Obscurity as a Means of Identity

Free Public Lecture

Obscurity as a Means of Identity

The concept of obscurity plays a profound and under-appreciated role in shaping our identities.

First, obscurity gives us the breathing room to fully develop who we are as human beings. Even when we interact with others in public, we are typically shrouded in obscurity, which gives us a degree of freedom of interaction to experiment and make mistakes without severe penalties. This freedom is being threatened by modern technologies like facial recognition apps and other modes of contemporary surveillance, and it is troubling that the tech industry tries to sidestep the issue of our right to obscurity.

Second, obscurity is a completely necessary precondition for the performative aspect of identity. Drawing upon the work of Erving Goffman and Irwin Altman, Professor Woodrow Hartzog argues that obscurity is the key boundary management technique by which we reveal certain shades of our identity to others. Recognizing what makes up this obscurity, such as semantic vagueness, information search costs, and architectural constraints, is thus much more central to identity than most consider.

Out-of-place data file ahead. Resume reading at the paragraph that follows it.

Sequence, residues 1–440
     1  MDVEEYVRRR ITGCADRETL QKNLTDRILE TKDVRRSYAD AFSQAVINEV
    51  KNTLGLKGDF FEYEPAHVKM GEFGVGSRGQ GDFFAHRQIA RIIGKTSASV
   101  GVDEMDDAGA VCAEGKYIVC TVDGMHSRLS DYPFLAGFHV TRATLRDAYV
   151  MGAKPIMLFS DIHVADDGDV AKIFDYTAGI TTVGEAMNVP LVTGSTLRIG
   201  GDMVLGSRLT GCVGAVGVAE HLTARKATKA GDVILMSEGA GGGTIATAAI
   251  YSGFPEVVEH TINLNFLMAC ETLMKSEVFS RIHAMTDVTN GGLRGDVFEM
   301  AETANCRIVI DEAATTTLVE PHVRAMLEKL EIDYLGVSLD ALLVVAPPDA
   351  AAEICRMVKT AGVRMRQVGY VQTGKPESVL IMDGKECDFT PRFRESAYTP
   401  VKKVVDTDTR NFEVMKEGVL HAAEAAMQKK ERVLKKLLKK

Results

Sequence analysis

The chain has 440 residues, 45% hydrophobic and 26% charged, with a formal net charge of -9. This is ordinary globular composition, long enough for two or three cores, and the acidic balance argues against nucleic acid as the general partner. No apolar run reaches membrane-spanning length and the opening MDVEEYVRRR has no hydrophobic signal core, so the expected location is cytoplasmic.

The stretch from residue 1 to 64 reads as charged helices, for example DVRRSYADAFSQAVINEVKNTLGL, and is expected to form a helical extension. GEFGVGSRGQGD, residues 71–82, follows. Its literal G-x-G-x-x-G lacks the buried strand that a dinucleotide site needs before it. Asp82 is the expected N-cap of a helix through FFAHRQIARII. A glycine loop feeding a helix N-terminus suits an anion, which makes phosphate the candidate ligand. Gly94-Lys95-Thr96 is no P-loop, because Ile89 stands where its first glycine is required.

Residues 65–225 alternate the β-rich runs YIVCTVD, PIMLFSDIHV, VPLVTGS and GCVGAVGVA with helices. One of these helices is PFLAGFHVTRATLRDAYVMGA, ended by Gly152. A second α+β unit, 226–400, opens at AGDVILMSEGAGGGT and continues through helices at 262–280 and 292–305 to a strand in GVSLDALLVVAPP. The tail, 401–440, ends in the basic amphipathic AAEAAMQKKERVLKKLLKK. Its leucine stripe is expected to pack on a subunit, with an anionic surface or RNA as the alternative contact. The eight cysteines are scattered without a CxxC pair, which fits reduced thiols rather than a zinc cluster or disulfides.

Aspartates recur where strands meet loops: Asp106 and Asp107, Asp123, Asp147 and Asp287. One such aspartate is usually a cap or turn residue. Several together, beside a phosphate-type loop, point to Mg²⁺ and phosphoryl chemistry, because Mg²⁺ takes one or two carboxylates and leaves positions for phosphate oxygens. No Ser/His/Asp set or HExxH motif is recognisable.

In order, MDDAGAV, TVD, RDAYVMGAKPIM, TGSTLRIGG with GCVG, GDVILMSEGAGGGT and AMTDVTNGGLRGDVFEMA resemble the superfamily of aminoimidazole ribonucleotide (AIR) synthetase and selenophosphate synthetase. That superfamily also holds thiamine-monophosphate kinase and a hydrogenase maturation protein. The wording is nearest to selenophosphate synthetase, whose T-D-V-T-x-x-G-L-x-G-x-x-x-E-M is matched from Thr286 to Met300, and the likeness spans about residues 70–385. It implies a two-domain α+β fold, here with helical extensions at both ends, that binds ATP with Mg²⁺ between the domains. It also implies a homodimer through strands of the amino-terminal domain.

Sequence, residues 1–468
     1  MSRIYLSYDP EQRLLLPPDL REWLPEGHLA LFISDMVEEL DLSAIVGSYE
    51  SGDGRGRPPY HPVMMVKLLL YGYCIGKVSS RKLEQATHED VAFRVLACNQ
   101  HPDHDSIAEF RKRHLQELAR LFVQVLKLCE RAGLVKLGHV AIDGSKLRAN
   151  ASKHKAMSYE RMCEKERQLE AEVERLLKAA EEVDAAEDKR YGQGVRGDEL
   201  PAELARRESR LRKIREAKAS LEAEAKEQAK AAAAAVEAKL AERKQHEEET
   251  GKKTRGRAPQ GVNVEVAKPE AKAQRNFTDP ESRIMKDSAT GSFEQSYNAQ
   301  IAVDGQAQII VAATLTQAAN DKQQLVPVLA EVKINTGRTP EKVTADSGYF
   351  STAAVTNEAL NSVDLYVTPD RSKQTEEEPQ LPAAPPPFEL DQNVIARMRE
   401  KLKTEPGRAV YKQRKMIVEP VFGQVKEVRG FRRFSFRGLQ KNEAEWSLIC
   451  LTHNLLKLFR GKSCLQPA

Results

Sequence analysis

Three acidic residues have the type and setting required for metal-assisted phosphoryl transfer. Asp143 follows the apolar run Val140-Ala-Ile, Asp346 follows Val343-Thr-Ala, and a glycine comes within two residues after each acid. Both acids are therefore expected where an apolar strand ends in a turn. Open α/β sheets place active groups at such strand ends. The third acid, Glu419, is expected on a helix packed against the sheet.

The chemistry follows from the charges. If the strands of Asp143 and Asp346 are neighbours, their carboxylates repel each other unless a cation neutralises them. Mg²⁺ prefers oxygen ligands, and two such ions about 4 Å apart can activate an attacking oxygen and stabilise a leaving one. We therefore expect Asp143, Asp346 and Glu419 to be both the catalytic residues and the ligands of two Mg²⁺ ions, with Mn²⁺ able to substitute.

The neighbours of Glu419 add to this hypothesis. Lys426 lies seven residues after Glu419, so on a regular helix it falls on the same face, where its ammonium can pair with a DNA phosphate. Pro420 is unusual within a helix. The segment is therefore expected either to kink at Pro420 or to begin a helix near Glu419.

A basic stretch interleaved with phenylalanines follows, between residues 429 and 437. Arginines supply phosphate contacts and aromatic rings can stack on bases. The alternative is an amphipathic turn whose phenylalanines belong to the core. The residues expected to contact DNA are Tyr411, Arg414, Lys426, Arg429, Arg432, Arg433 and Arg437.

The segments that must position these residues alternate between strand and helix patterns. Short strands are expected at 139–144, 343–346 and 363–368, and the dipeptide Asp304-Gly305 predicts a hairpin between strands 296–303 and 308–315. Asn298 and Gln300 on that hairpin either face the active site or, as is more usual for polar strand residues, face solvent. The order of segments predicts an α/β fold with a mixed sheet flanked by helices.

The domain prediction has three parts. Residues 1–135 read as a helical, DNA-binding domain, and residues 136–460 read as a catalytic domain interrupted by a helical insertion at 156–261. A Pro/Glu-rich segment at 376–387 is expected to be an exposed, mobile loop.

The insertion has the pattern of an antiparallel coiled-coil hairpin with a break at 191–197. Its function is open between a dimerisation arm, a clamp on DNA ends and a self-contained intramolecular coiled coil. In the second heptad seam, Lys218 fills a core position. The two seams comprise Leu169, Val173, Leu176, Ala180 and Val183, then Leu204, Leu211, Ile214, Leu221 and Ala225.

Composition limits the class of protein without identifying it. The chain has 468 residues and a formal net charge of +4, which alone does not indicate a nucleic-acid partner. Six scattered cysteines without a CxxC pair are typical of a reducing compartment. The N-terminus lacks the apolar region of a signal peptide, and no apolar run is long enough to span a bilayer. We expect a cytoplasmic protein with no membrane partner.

Professor Hartzog is the Starnes Professor of Law at Samford University’s Cumberland School of Law and an Affiliate Scholar at the Center for Internet and Society at Stanford Law School.

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